FP Interrupted

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FP Interrupted

Seems the honeymoon is over. Back in June, Trump and North Korea’s leader, Kim Jong Un were all smiles and handshakes. Trump called Kim “honorable” and said that he had a “great personality.” (Could have sworn Trump was more of a “looks” guy…) They wrote letters. Trump said they “fell in love.”

It seemed that that bromance would continue when Trump and Kim sat down for dinner on Wednesday night in Hanoi — to kick off their second summit. With a beaming Kim by his side, Trump said that their relationship “is a very special relationship” (the UK and the EU were like 👀).

Things changed the next day, however. Kim demanded a lifting of sanctions. In exchange, they would dismantle North Korea’s most important nuclear facility Yongbyong, but nothing more. That was a dealbreaker for Trump. Both walked away.

What’s next? Good question. In the best case scenario, officials from both sides will try to continue to push the process forward. In the worst … tensions might heat back up between Little Rocket Man and Dotard.

It is important to note, however, that Trump went into a meeting where the outcome was unclear. There is still a long way to go on repairing U.S.-North Korea relations and bringing North Korea into the global community. North Korea already scored big when Trump met with Kim in June — and had done little to earn that photo-op. Trump argues that it saved the world from a nuclear confrontation. What will save the world from a future one?

Watch this space.

On the Hanoi Summit: 

  • What has been accomplished since the first Trump-Kim summit? Rachel Martin talked to Jean Lee about it. (NPR)
  • Women marched for Korean reconciliation. Washington is in our way, write Gloria Steinem and Christine Ahn. (Washington Post)
  • A peace treaty could be essential to North Korean denuclearization, writes Bonnie Jenkins. (Axios)
  • Katrin Fraser Katz and Victor Cha took a look at what to expect at the second North Korea summit. (Foreign Affairs)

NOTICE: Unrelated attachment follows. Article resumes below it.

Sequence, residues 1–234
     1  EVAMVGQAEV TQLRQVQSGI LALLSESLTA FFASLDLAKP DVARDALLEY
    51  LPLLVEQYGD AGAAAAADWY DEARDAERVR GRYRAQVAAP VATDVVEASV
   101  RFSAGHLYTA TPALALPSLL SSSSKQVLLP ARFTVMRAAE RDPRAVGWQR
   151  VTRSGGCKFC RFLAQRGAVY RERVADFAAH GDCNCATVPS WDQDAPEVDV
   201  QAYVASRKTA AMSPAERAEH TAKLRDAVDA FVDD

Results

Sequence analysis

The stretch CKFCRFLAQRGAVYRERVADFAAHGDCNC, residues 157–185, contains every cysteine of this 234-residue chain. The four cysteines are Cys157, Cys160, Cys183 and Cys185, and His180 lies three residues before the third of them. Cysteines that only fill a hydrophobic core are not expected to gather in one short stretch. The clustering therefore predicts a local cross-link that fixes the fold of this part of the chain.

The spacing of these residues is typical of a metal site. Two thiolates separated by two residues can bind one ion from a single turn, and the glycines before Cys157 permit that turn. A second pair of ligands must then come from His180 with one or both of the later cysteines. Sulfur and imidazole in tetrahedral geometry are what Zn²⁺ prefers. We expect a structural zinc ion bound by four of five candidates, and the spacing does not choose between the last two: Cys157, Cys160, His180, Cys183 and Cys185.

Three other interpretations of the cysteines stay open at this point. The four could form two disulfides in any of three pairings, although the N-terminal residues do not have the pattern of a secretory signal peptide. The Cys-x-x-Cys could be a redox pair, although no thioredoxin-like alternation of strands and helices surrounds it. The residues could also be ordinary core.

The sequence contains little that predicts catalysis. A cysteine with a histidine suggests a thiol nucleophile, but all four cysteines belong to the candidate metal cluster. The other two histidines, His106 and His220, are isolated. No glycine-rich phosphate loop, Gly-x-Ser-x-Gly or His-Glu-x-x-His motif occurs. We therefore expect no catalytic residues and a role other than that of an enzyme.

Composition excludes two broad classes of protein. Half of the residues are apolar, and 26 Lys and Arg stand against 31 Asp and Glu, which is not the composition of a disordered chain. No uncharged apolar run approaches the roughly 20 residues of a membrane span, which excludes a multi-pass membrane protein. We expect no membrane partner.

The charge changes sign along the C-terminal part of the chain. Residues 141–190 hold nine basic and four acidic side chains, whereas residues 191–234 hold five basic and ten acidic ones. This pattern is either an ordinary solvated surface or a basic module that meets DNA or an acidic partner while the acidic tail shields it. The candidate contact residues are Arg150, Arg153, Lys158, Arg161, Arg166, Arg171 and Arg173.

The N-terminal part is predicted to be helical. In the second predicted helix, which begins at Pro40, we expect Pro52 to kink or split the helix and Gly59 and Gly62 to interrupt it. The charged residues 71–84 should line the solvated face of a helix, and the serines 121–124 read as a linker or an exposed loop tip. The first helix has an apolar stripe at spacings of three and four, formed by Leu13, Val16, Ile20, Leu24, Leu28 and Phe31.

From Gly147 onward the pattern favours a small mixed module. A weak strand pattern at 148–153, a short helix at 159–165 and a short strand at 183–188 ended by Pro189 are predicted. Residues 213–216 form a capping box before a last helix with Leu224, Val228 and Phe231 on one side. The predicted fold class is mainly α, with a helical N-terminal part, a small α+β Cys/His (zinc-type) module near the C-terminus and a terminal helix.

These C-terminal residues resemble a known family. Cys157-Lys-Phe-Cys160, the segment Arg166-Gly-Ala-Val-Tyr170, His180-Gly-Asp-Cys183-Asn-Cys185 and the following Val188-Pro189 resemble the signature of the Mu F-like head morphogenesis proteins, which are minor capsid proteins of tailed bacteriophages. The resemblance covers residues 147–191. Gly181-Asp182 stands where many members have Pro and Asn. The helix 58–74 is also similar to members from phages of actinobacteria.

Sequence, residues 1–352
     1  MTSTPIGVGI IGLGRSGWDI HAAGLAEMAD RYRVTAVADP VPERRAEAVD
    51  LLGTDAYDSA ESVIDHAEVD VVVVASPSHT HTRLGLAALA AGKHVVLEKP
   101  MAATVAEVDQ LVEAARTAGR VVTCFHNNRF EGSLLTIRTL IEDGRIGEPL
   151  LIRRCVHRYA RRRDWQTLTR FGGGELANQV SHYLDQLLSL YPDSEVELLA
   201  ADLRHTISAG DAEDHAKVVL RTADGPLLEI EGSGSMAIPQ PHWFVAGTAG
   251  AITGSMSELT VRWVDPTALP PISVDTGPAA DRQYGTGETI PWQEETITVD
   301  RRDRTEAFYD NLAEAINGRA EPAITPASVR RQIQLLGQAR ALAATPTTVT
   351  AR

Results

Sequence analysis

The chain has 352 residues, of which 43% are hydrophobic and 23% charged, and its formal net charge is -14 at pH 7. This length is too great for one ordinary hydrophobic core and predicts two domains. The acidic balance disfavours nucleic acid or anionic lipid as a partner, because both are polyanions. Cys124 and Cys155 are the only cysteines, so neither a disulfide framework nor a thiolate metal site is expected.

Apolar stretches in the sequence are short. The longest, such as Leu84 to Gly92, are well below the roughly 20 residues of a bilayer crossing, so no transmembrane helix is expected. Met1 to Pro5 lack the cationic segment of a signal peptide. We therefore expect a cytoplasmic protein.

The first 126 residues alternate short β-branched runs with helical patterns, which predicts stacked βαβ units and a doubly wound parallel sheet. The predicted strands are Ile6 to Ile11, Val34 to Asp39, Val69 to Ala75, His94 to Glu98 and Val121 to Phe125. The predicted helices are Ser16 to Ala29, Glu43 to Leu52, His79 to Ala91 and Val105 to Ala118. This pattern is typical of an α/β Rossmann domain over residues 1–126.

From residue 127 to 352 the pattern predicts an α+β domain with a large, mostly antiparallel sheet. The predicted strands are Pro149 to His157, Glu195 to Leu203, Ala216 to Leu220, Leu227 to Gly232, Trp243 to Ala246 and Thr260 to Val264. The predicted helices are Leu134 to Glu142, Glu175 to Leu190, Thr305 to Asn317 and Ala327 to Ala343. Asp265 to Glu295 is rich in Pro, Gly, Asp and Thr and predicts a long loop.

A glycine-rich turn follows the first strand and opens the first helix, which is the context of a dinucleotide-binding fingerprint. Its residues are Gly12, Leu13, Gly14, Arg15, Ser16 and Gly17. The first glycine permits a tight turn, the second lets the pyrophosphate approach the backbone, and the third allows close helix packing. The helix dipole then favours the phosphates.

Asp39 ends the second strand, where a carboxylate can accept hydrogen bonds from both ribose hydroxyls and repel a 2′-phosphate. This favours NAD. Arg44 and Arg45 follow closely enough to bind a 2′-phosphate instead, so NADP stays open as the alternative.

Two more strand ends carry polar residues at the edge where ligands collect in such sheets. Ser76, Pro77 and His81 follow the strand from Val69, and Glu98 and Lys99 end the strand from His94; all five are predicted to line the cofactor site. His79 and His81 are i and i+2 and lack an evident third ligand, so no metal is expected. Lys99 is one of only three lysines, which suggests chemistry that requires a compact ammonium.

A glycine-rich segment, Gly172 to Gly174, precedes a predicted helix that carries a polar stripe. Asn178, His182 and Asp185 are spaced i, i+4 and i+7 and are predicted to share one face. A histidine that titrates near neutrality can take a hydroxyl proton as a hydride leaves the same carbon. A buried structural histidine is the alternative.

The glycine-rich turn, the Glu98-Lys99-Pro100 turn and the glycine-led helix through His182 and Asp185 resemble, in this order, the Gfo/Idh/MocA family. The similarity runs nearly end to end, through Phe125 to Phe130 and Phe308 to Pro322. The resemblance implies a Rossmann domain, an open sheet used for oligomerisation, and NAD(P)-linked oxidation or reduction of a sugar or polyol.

• There are three big questions that U.S. allies will be looking to answer in Hanoi. (Monkey Cage)
  • Kim Jong Un broke with precedent to directly answer a reporter’s question. Laignee Barron with what he said. (Time)
  • What does Russia want from the Trump-Kim summit? Heather Timmons explores. (Quartz)
  • Some South Koreans say Trump-Kim summit is “all political theater.” Kelly Kasulis reports. (PRI)

Tensions in Kashmir 

As we noted last week, tensions have risen in Kashmir, a contested territory between India and Pakistan. This past week, Indian and Pakistani jet fighters clashed, with an Indian pilot captured in Pakistan. Pakistan Prime Minister Imran Khan has said that he will be released. Whew.
  • The India-Pakistan relationship is facing the most serious escalation in decades. Joanna Slater and Pamela Constable explain how it got to this point. (Washington Post)
  • “I have never seen my country at peace with its neighbor. But never before have I seen a war played out between two nuclear-armed states with Twitter accounts.” Fatima Bhutto on hashtags for war between India and Pakistan. (NYT)

Women and ISIS

There’s been a lot in the news about Hoda Muthana and Shmima Begum, two women who left their homes in the U.S. and UK, respectively, to join ISIS. They’ve now repented and want to come home. Both the U.S. and UK have said they can’t and have stripped them of their respective citizenships. We’re going to dive into this more next week. In the meantime, we recommend this report that the UN Counter-Terrorism Executive Directorate just put out: Gender Dimensions of the Response to Returning Foreign Terrorist Fighters. A few other pieces on the topic:
  • The human trafficking-terrorism connect: It’s complicated— just take the case of Shamima Begum. Jayne Huckerby explains. (Just Security)
  • We need a new language for female militants, Azadeh Moaveni ‏argues. (Guardian)


  • Maduro’s fate may ultimately depend on his access to Venezuela’s wealth, Frida Ghitis writes. (World Politics Review)
  • Venezuela’s pro-democracy movement has learned from its past and has the potential to make a breakthrough, if it can harness the momentum behind domestic and int’l pressure, and if it can make that momentum last, Isabella Picón and Maria J. Stephan write. (Washington Post)
  • While most international media outlets focus on the humanitarian aid blockade, women suffer extraordinary violence at the Venezuela-Colombia border, writes Julia Zulver. (Monkey Cage)


  • Theresa May’s job is getting harder by the day, says Jane Merrick. (CNN)
  • Britain is hemorrhaging jobs and investment as prime minister Theresa May tries to ram through what she calls a “deal” with the EU in exchange for £39bn. Yet the country seems becalmed, according to Camilla Cavendish. (FT)

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